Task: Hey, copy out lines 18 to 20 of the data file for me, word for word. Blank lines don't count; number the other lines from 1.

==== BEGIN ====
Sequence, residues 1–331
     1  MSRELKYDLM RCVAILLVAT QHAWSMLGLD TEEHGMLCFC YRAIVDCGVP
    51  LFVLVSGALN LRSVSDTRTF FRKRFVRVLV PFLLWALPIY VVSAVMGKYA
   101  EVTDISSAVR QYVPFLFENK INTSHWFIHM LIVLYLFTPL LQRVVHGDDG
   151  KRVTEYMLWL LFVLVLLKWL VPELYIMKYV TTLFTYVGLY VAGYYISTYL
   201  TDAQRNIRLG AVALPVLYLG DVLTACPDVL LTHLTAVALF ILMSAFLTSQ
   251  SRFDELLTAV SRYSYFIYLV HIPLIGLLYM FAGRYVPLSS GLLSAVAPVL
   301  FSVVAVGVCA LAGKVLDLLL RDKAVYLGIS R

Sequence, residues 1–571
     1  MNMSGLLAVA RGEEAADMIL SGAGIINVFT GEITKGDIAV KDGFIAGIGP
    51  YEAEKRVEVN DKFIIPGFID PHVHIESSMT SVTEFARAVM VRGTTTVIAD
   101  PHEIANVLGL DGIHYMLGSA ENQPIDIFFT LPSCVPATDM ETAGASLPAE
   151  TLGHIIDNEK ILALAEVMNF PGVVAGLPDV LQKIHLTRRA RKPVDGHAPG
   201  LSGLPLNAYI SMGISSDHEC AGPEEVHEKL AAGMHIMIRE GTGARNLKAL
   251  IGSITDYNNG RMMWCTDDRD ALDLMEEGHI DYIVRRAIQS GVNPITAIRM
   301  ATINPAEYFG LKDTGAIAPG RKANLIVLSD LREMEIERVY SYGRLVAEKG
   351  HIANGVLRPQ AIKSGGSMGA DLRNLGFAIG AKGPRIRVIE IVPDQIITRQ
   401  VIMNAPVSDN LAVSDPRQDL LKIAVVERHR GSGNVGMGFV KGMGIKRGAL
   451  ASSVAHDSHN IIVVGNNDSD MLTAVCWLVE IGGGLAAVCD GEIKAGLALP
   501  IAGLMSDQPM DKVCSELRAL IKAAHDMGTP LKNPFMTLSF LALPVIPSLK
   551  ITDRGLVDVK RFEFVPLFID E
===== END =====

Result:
   401  VIMNAPVSDN LAVSDPRQDL LKIAVVERHR GSGNVGMGFV KGMGIKRGAL
   451  ASSVAHDSHN IIVVGNNDSD MLTAVCWLVE IGGGLAAVCD GEIKAGLALP
   501  IAGLMSDQPM DKVCSELRAL IKAAHDMGTP LKNPFMTLSF LALPVIPSLK